If you're looking for inspiration for where to go birding this weekend, look at the Bird Atlas website (www.birdatlas.net) for ideas. We are now over halfway through the second winter of this four-year project and there are still many areas that need help from birdwatchers. All you have to do is go birding and make a list of what you see.
The Bird Atlas is going really well, and a quick look at some of the provisional species maps is already starting to highlight changes in ranges since the last Winter Atlas in 1981–84. There are the obvious range expansions that we all know such as Buzzard, Raven, Little Egret and Red Kite and perhaps a few surprises such as Barn Owl in the extreme of northeast Scotland.
The map for Water Rail shows a lot more records in Scotland compared with the last Winter Atlas, particularly in the area around Inverness and on the Outer Hebrides. Being such an elusive bird, Water Rails are likely to be under-recorded in many areas — can you help put more dots on the map?
Fig. 1 Distribution of Water Rail in winter.
To give an idea of how well we are getting on with coverage of Britain and Ireland, we can look at how many species have been recorded in each 10-km square so far compared with what was recorded in the last Winter Atlas. This is only a guide and no doubt the species composition will have changed, but it's a good way to focus birdwatching effort into those areas where it is most needed. The map below shows that across much of England we have already recorded over 90% of what we would expect to find in each 10-km square but there are still many counties, for example Lincolnshire, East Yorkshire and Cornwall, that need a lot of help. Mid-Wales, parts of Scotland (especially Argyll, Dumfries & Galloway) and the whole of Ireland need general birdwatching visits to 10-km squares.
Fig. 2 Species richness in winter.
The map above gives the overall picture but it's hard to see in detail exactly which 10-km squares need more help. A useful section of the Atlas website is the 'Regional results' found under 'Latest results' www.bto.org/birdatlas/latest_results/regionalresultsnav.htm which gives more detailed maps on a BTO region basis. For each region you can look at the species richness in winter (amongst other things) and then refer back to the map of 10-km squares to work out which are the priority 10-km squares.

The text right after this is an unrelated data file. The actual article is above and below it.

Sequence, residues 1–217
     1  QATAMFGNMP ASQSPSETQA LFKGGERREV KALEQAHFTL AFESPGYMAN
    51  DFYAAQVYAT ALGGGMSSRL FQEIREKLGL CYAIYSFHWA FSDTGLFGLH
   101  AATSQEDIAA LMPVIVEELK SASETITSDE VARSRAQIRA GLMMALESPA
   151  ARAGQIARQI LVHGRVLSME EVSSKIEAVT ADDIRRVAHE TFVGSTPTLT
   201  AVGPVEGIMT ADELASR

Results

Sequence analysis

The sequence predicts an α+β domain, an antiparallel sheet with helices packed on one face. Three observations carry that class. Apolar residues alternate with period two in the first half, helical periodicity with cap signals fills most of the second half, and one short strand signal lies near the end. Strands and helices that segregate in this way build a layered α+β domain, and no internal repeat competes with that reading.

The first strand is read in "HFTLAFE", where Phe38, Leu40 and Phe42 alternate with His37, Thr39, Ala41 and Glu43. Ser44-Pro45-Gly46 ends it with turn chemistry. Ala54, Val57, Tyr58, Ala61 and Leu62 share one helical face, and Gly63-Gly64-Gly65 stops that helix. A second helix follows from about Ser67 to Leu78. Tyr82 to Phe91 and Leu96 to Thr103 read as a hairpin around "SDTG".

So where to go birding this weekend?
The species richness maps below for Dorset (Fig. 3), Anglesey (Fig. 4), Aberdeenshire (Fig. 5) and Co. Cork (Fig. 6) give a good idea of what still needs to be done. 10-km squares coloured red have already reached at least 90% of the expected species list so it's the squares that are blank or have white, yellow or orange squares that are the top priority. You can find out what has already been recorded in any 10-km square in Britain and Ireland by using the 'Any square summary' facility (for those who are registered for the Atlas — join up (free) using the link on the homepage). Type in the grid reference for the 10-km square (e.g. TA41, the 10-km square that includes Kilnsea and Spurn Point) and you'll get the species list so far for winter. For this premier birding 10-km square the species list is 77 and is coded yellow (50–74% of the species we would expect to find compared with the last Winter Atlas). A quick look down the list shows that Woodcock, Lesser Black-backed Gull, Razorbill and Rock Pipit have not yet been recorded — all species that must be present in this 10-km square.
Fig. 3 Dorset Species Richness in winter.
In Dorset there are still some coastal 10-km squares where we would expect to find more species, such as ST97 (Worth Matravers/Kimmeridge Bay area).
Fig. 4 Anglesey Species Richness in winter.
Much of coastal Anglesey requires more casual birding effort to boost the species list for the 10-km square.
Fig. 5 Aberdeenshire Species Richness in winter.
Coastal areas from Peterhead northwest round to Fraserburgh, Banff and west across to Cullen all need more help.
Fig. 6 County Cork Species Richness in winter.
There are eight 10-km squares in Co Cork that have not received any winter visits at all so far in the project — a trip to any of these 10-km squares would make a tremendous difference to the Atlas. There are 23 10-km squares that have recorded between 1% and 50% of what we would expect to find, so there are still plenty of species to record!
Submit your records
It's easy to submit your records as Roving Records on the website (www.birdatlas.net). You only need to add the new species for the 10-km square (check the 'Any Square Summary' to get a list) so it won't take long to make a real difference to many of the species lists.